Psychology

Teenage Depression



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Teenage Depression

Teenagers do not have any easy task. They are ask to take on more and more responsibility much of the time while they are still struggling with the longing to be cared for and nurtured. "Normal" teenage development sometimes can trigger the signs of depression and even suicide. The difference between what is considered to be "normal" and what not is in the watching for signals of depression, how long it lasts and how intense it may become.

Nearly every teenage goes through that rebellious stage: not wanting to do daily hygiene tasks or sleeping late, wearing the same cloths and the inevitable disrespectful tones towards authority. It is important to monitor our teenagers and watch to see if these issues continue and determine if they are becoming more serious. It is especially important to see if other signs of severe depression and perhaps suicidal ideation enter into picture.

The American Academy of Child and Adolescent Psychiatry has compiled a list of some things parents should be watching for if they are concerned that their teenager is suffering from severe depression. Besides an excess of some of the above behaviors there may be significant changes in your child's eating patterns. This can be either eating less or considerably more. Changes in sleep are also significant. While teens tend to want to stay up later and sleep in during the day, the difference is a consistent pattern of change. Teenager depression may be seen when your child is withdrawing more and more from family and peers. If your teen is suddenly not caring about his/her appearance, school work is declining, there is a significant loss of interest in activities, changes in personality and complaints of physical symptoms there may be cause for more concern and signs that your teenager is experiencing a more severe level of depression.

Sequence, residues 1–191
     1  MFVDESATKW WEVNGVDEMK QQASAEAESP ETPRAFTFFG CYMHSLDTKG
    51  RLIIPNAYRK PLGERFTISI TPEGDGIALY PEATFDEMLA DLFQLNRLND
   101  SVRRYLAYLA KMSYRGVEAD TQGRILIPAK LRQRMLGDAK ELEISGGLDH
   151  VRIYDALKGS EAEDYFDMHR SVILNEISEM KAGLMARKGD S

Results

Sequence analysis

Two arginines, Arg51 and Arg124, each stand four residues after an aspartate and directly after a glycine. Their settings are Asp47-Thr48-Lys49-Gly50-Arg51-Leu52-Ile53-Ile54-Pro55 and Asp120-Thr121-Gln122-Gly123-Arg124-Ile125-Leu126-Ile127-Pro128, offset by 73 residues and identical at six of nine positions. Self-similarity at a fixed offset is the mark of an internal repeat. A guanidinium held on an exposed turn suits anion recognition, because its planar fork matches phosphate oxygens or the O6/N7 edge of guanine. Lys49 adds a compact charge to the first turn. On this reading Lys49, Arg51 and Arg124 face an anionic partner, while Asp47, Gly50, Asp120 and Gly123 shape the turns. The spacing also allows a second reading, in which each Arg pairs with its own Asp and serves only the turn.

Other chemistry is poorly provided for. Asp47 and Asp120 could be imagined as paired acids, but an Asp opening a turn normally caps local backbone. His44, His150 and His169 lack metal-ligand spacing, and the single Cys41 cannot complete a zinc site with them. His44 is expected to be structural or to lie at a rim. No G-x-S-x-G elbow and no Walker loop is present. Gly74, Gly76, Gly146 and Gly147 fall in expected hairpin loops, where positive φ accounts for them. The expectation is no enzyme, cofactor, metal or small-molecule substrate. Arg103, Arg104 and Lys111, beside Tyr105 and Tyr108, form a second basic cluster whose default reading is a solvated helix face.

Keep the lines of communication open with your adolescent. Create times for talking, be open and non-judgmental. Take any concerns your child voices seriously. Listen beyond their words. Often people in general don't even say what they truly mean, however, it is written on their face, in their body language, tone of voice, and in their actions. If your teen is resistant to talking, do something else together. This opens a place where words and conversations can flow more easily.

Recognized that there are several factors that can play a role in teenage depression and there are some that are beyond control as a parent. A family history of depression, suicide or other mental illness; substance abuse, a history of having been bullied at school, or significant losses in the family, an adolescent may be more prone to teenage depression.

If you have concerns it is always better to step in as soon as you feel something may be going on, and to obtain the proper help for your teenager. Some of the experts recommend that the best treatment for teenage depression is a combination of psychotherapy and medication. This is something that can be discussed with the Therapist you find for your child. It is important to look for someone who is an expert in adolescent depression and who has worked with teenagers and their families for a while. Making sure that your teenager is a part of the process in choosing the right therapist is important. Many adolescents, especially teenager suffering with depression may be hesitant about seeking any help at all. If you are able to find someone you and your teen feel comfortable with, the benefits will be much greater.

Getting the help is the most important step in help your adolescent work through teenage depression.

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